If you want to learn Kannada and have fun doing it, just log in to the many websites and become a guru.
If knowing two languages is like possessing a second soul, then in our increasingly global village, all of us would have multiple souls. While learning a language can be done in many ways, from conversing with locals to attending weekend classes, in this technology-driven age, apps and websites seem to be preferred options. Duolingo, an app that teaches French, Spanish, German, Italian and Portuguese, and slated to introduce many more languages, was named by Apple as its iPhone app of 2013. Designed like a game, Duolingo makes language learning fun and engaging.
Back home, in Bangalore, websites such as Kannada Baruthe and kannadalearningschool.com are being accessed by non-natives to learn Kannada. Sangamesh and his partner Raghavendra Prasad established Kannada Language Learning School three years ago. Sangamesh says they use technology extensively to teach Kannada.
“Our facebook page is just not meant for publicising our school. Through it, we interact with users. We have a feature called ‘word of the day’, which has the user respond immediately. It is a two-way communication. We have an online repository of practice tests. These tests can be taken any time by anyone. In addition, there is a youtube video that teaches colloquial Kannada in different dialects. We also have a blog that has words with pictures for better explanation. We send weekly updates to practitioners so that they can learn different words and we even have a text message option for those who want to know the meaning of words and sentences translated.”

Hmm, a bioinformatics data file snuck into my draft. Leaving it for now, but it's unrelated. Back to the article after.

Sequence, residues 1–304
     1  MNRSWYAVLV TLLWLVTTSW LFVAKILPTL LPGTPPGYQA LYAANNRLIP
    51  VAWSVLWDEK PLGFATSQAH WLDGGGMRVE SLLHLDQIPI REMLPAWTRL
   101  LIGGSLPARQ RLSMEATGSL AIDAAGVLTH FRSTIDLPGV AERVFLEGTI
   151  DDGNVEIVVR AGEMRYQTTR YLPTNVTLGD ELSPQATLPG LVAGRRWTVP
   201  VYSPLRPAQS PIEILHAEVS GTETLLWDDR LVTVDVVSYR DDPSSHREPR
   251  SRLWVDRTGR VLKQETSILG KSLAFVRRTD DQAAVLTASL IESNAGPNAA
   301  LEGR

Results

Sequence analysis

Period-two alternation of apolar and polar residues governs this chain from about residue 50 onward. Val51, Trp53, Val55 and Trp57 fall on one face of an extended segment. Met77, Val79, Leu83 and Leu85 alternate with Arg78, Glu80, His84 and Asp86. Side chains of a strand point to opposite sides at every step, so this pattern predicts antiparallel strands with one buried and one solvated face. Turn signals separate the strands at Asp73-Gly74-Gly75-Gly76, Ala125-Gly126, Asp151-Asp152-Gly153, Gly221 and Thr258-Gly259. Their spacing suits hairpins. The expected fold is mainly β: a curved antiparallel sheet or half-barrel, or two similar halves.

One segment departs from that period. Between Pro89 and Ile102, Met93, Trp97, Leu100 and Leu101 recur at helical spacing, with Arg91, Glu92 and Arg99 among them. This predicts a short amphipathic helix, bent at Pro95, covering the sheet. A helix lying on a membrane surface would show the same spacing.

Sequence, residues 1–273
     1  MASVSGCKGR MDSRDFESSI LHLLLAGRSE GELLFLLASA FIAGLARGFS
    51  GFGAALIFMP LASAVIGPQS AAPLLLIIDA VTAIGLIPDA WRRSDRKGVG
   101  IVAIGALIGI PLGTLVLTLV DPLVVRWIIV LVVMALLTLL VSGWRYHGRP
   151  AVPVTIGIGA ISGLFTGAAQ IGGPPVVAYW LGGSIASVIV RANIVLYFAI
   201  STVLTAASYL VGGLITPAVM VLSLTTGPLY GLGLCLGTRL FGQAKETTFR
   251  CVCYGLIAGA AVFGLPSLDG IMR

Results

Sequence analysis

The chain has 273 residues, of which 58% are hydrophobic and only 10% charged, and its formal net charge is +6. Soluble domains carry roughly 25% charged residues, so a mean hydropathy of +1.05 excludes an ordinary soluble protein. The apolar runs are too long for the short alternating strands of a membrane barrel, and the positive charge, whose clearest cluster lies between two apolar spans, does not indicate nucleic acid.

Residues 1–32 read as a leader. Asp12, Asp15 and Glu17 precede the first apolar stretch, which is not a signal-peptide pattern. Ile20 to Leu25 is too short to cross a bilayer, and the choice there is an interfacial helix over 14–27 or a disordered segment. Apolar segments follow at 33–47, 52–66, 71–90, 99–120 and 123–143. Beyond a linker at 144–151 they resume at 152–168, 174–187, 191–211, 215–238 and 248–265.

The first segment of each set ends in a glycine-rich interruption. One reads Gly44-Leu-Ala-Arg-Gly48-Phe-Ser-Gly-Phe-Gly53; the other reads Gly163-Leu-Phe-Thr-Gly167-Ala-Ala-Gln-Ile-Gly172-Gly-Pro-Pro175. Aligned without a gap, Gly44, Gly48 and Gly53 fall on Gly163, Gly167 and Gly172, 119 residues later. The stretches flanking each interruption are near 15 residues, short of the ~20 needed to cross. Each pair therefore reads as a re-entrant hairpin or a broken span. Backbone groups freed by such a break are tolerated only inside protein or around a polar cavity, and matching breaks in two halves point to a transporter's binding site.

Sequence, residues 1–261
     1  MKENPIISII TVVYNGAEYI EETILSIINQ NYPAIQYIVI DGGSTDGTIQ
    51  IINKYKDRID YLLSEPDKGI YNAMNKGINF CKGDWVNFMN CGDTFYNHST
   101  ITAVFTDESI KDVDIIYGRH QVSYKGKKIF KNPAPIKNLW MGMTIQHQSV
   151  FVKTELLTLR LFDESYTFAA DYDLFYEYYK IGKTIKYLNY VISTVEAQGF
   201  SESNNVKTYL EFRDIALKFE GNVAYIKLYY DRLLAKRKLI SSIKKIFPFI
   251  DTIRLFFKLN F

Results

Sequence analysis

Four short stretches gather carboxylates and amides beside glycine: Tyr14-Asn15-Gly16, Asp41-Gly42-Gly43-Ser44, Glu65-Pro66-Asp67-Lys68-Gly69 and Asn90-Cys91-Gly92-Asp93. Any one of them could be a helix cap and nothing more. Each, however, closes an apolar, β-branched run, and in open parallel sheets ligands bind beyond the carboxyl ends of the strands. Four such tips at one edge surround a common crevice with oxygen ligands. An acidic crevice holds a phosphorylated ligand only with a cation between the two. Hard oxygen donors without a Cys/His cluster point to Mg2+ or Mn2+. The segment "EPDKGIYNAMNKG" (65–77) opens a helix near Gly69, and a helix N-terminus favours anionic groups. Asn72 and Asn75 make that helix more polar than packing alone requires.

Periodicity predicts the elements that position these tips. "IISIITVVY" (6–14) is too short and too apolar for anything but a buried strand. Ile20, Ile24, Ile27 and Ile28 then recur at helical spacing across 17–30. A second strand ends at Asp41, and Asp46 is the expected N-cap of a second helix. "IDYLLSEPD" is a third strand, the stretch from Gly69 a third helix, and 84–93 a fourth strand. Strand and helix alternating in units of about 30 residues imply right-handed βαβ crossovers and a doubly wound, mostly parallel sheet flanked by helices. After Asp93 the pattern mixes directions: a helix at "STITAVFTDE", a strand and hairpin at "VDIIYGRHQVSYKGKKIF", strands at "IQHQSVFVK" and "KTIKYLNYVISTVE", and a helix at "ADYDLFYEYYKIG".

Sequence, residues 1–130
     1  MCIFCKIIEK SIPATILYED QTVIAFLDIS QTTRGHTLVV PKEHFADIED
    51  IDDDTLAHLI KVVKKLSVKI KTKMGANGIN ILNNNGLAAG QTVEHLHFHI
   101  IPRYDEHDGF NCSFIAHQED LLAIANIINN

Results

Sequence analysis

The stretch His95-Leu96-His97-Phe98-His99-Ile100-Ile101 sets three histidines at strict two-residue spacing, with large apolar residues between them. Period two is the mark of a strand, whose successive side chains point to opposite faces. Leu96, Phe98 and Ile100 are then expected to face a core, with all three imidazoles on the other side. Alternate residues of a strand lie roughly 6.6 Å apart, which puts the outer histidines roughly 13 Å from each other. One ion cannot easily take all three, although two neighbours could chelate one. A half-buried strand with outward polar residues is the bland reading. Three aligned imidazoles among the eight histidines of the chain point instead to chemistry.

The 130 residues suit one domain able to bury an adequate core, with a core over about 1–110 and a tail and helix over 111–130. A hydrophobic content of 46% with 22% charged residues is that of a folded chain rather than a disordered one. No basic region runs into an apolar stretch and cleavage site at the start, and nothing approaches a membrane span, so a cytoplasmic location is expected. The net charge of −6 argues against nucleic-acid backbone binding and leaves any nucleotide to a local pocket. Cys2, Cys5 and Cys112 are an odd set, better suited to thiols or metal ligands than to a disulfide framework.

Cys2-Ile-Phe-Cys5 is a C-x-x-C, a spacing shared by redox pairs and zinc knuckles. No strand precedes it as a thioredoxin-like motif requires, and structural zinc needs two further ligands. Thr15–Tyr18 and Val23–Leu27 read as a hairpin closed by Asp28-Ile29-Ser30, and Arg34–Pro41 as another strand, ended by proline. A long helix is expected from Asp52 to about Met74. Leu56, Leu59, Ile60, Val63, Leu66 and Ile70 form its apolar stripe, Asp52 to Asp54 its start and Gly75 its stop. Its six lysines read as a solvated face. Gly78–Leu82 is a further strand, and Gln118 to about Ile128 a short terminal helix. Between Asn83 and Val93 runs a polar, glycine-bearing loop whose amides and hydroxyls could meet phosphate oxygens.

N.R. Prasad, co-founder of the website Kannada Baruthe, launched in 2011, says that technology provides a viable platform for learning a language. “We launched our app last year, and within four months, we’ve had close to 2,000 downloads. We also have another website, I know Kannada. Both our website and our app focus on spoken Kannada.”
But can websites and apps ever replace the actual language learning experience? Business analyst Harsha Gatt doesn’t quite agree: “The best way to learn a language is by speaking with native speakers. Apps and websites serve as starter kits, but nothing can replace learning which an actual conversation can provide. The best way to pick up languages is by starting with numbers, moving to single words and then slowly forming sentences. The websites and apps could be the first source of information for a tech savvy person. Apps and websites are all about need and convenience.”
Himanshu Sanehi, project assistant in aerospace department, IISc echoes Gatt’s views. “Apps and websites can help facilitate learning language, but the best way to pick up a language is by speaking with the locals. And it is best not to be conscious while conversing in a language you are learning, just speak without hesitation. It helps.” N.R. Prasad says apps are much more intuitive and available.
Sangamesh agrees that apps and websites is time saving, but it cannot be a substitute to classroom learning. “Language has feelings. You have to understand its impulse. We had Skype classes for 20 people, there were people from US, Norway and Finland eager to learn Kannada. But it became difficult to teach the language effectively.”
Rashi, a designer, perhaps puts it best when she says: “Apps and websites can teach you the basics. But learning a language is a lifetime endeavour, which takes a lot of commitment.”